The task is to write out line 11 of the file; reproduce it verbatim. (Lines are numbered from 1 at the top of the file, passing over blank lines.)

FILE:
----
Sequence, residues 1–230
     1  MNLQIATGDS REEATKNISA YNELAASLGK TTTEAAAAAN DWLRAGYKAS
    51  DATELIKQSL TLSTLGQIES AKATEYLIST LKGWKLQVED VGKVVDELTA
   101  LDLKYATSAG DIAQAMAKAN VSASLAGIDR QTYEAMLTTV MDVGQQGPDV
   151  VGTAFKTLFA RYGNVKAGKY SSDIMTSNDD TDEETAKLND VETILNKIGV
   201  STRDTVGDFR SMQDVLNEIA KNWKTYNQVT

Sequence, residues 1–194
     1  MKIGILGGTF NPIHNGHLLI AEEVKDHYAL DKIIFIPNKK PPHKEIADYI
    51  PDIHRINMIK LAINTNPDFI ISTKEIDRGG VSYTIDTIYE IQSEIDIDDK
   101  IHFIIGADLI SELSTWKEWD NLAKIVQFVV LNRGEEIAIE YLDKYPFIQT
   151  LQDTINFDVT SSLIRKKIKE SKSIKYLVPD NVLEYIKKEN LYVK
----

   151  LQDTINFDVT SSLIRKKIKE SKSIKYLVPD NVLEYIKKEN LYVK